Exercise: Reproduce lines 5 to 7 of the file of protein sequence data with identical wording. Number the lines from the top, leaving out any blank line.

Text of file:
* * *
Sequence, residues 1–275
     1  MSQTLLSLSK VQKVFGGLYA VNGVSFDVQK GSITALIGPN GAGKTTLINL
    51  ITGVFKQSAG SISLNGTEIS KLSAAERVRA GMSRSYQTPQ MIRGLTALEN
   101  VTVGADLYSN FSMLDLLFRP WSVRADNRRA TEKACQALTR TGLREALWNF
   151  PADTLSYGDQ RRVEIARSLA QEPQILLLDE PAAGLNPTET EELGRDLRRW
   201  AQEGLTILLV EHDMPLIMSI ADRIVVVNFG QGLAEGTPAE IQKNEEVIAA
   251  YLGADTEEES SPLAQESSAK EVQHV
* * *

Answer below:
   151  PADTLSYGDQ RRVEIARSLA QEPQILLLDE PAAGLNPTET EELGRDLRRW
   201  AQEGLTILLV EHDMPLIMSI ADRIVVVNFG QGLAEGTPAE IQKNEEVIAA
   251  YLGADTEEES SPLAQESSAK EVQHV